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  1. NATURE VIEW OF A TREE leaves branches root

  2. COMPUTER SCIENTIST’S VIEW root leaves branches nodes

  3. WHAT IS A TREE • A tree is a finite nonempty set of elements. • It is an abstract model of a hierarchical structure. • consists of nodes with a parent-child relation. Computers”R”Us Sales Manufacturing R&D US International Laptops Desktops Europe Asia Canada

  4. TERMINOLOGY • Root: node without parent (A) • Siblings: nodes share the same parent • Internal node: node with at least one child (A, B, C, F) • External node (leaf ): node without children (E, I, J, K, G, H, D) • Ancestors of a node: parent, grandparent, grand-grandparent, etc. • Descendant of a node: child, grandchild, grand-grandchild, etc. • Depth of a node: number of ancestors • Height of a tree: maximum depth of any node (3) • Degree of a node: the number of its children • Degree of a tree: the maximum number of its node. A • Subtree: tree consisting of a node and its descendants D B C subtree E G H F K I J

  5. STRUCTURE OF TREE • Every tree node: • object – useful information • children – pointers to its children Data Data Data Data Data Data Data Φ Φ Φ Φ Φ Φ Φ Φ Φ Φ Φ

  6. LEFT CHILD,RIGHT SIBLING REPRESENTATION Data A B C D I H G F E J K L Left Child Right Sibling

  7. BINARY TREE • A binary tree is a tree with the following properties: • Each internal node has at most two children (degree of two) • The children of a node are an ordered pair • We call the children of an internal node left child and right child • Alternative recursive definition: a binary tree is either • a tree consisting of a single node, OR • a tree whose root has an ordered pair of children, each of which is a binary tree • Applications: • arithmetic expressions • decision processes • searching A C B D E F G I H

  8. Skewed Binary Tree A A Complete Binary Tree A 1 B B B C C 2 F G D E D 3 E H I 5 4

  9. DATA STRUCTURE FOR BINARY TREE • A node is represented by an object storing • Element • Parent node • Left child node • Right child node ∅ D C B A E ∅ ∅ B A D ∅ ∅ ∅ ∅ C E

  10. LINKED REPRESENTATION typedef struct node *tree_pointer; typedef struct node { int data; tree_pointer left_child, right_child; }; data right_child left_child data left_child right_child

  11. MAXIMUM NUMBER OF NODES IN A BINARY TREE • The maximum number of nodes on depth i of a binary tree is 2i, i>=0. • The maximum nubmer of nodes in a binary tree of height k is 2k+1-1, k>=0. Prove by induction.

  12. NODE NUMBER PROPERTIES • Left child of node i is node 2i, unless 2i > n, where n is the number of nodes. • If 2i > n, node i has no left child. 1 2 3 4 6 5 7 8 9 10 11 12 13 14 15

  13. Right child of node i is node 2i+1, unless 2i+1 > n, where n is the number of nodes. • If 2i+1 > n, node i has no right child. 1 2 3 4 6 5 7 8 9 10 11 12 13 14 15

  14. COMPLETE BINARY TREE • A labeled binary tree containing the labels 1 to n with root 1, branches leading to nodes labeled 2 and 3, branches from these leading to 4, 5 and 6, 7, respectively, and so on. • A binary tree with n nodes and level k is complete iff its nodes correspond to the nodes numbered from 1 to n in the full binary tree of level k. 1 1 2 3 2 3 6 7 7 5 4 6 4 5 14 15 13 12 10 9 11 8 8 9 Complete binary tree Full binary tree of depth 3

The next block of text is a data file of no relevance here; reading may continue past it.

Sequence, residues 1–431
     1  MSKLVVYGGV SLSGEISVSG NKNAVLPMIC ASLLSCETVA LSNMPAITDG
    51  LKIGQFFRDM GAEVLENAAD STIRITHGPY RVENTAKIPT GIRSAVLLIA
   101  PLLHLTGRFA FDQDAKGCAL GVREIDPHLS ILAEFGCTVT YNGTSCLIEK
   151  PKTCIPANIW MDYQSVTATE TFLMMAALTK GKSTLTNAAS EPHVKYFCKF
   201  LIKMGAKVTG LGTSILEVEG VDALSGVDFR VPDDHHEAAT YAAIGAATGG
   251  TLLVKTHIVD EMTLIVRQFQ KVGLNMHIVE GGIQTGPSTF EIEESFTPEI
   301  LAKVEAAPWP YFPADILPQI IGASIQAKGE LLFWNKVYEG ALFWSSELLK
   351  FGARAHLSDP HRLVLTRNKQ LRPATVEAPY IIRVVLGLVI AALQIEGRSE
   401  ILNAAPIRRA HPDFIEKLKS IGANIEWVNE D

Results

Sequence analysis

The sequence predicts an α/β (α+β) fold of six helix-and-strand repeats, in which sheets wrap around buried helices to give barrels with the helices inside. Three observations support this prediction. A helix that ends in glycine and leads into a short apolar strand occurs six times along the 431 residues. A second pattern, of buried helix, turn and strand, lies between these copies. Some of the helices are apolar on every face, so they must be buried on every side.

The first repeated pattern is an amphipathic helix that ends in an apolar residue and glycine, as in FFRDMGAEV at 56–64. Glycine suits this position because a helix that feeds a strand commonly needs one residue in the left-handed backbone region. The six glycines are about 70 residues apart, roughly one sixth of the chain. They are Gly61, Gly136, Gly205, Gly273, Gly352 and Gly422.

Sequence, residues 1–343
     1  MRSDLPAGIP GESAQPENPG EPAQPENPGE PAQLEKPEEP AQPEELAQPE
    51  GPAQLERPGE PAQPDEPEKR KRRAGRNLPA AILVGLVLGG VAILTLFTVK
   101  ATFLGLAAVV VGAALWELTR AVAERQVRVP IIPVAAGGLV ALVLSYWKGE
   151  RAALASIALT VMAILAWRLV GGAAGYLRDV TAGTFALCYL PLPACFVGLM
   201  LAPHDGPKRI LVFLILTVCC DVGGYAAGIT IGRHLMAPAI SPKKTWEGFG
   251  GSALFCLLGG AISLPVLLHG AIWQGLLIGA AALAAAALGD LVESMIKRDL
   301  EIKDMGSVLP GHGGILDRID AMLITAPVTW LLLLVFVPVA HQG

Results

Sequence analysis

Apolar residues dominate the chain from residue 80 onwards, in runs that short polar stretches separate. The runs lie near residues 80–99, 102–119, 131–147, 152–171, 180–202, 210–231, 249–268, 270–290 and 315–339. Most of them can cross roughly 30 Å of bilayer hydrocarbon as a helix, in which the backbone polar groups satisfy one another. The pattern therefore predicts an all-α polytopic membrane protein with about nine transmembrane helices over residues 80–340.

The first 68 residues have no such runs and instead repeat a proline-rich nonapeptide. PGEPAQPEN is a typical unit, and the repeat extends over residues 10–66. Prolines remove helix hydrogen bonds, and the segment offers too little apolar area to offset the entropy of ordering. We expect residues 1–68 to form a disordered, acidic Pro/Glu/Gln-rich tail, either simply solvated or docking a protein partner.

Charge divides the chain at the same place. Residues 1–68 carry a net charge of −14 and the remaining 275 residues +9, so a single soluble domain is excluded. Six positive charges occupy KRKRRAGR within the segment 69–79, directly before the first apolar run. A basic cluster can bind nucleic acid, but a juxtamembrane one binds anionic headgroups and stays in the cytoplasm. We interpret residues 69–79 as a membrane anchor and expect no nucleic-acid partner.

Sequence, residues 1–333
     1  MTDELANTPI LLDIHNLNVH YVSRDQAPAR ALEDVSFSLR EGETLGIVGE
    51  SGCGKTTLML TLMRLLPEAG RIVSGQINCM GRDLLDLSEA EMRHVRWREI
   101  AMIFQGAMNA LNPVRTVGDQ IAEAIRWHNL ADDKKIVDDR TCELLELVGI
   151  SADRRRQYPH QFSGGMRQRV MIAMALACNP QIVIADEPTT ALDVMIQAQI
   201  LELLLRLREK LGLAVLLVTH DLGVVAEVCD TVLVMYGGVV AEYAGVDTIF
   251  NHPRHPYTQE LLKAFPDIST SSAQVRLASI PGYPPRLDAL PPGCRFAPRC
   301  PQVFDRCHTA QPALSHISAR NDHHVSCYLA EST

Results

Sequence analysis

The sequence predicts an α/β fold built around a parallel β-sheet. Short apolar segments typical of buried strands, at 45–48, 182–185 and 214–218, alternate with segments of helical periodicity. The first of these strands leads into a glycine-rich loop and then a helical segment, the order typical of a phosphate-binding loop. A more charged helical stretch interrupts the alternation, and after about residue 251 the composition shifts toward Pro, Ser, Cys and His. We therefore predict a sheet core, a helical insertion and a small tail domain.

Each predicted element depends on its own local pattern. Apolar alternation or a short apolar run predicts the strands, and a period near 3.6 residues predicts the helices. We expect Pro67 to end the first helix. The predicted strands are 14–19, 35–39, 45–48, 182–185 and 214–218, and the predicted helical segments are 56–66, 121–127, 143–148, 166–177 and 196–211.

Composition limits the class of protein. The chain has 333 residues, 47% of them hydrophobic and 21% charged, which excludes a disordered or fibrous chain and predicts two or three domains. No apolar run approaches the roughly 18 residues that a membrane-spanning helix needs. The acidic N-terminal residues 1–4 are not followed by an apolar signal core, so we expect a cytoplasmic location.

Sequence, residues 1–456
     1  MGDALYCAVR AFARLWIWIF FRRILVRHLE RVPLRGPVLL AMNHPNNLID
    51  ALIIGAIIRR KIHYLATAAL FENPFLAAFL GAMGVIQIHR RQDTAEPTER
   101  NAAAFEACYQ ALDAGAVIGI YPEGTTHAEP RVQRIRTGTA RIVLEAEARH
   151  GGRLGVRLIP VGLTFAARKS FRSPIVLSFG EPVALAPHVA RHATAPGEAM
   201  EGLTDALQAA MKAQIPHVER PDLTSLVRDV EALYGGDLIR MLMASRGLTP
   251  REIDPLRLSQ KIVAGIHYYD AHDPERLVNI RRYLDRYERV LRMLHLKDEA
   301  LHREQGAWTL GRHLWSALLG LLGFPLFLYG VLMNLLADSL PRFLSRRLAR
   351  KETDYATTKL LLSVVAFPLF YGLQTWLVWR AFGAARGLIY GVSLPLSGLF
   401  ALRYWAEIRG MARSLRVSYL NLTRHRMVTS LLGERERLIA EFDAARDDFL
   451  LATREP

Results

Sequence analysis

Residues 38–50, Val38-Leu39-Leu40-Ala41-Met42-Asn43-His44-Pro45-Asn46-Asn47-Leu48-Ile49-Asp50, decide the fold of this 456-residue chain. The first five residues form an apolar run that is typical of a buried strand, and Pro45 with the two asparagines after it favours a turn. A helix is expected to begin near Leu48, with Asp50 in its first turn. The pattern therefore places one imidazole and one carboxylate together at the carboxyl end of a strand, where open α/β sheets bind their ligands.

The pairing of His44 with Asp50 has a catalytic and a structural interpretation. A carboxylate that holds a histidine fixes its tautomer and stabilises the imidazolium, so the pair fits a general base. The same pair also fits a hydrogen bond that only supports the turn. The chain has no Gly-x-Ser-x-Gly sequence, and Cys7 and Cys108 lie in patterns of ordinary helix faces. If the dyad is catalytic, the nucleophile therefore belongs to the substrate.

15. BINARY TREE TRAVERSALS • Let l, R, and r stand for moving left, visiting the node, and moving right. • There are six possible combinations of traversal • lRr, lrR, Rlr, Rrl, rRl, rlR • Adopt convention that we traverse left before right, only 3 traversals remain • lRr, lrR, Rlr • inorder, postorder, preorder

  16. PRE-ORDER TRAVERSAL • In preorder, the root is visited first • Here’s a preorder traversal to print out all the elements in the binary tree: • void printPreorder(struct node* node) • { • if (node == NULL) • return; • /* first print data of node */ • printf("%d ", node->data); • /* then recur on left sutree */ • printPreorder(node->left); • /* now recur on right subtree */ • printPreorder(node->right); • }

  17. IN-ORDER TRAVERSAL • In in-order, the root is visited in the middle • Here’s an inorder traversal to print out all the elements in the binary tree: • void printInorder(struct node* node) • { • if (node == NULL) • return; • /* first recur on left child */ • printInorder(node->left); • /* then print the data of node */ • printf("%d ", node->data); • /* now recur on right child */ • printInorder(node->right); • }

  18. POST-ORDER TRAVERSAL • In postorder, the root is visited last • Here’s a postorder traversal to print out all the elements in the binary tree: • void printpostorder(struct node* node) • { • if (node == NULL) • return; • /* first recur on left child */ • printpostorder(node->left); • /* now recur on right child */ • printpostorder(node->right); • /* then print the data of node */ • printf("%d ", node->data); • }

  19. INTRODUCTION TO BST An important special kind of binary tree is binary search tree(BST).In a BST, each node stores some information including a unique key value, and perhaps some associated data. A binary tree is a BST iff, for every node in the tree: • All keys in n’s left subtree are less than the key in n, and • All keys in n’s right subtree are greater than the key in n. NOTE: If duplicate keys are allowed, then nodes with values that are equal to the key in node n can be either in n’s left subtree or in its right subtree(but not both).In these notes,we will assume that duplicates are not allowed.

  20. IMPORTANCE OF BST The reason binary-search trees are important is that the following operations can be implemented efficiently using a BST: • Insert a key value. • Determine whether a key value is in the tree. • Remove a key value from the tree. • Print all the key values in sorted order.

  21. INSERTING A NODE

  22. DELETING A NODE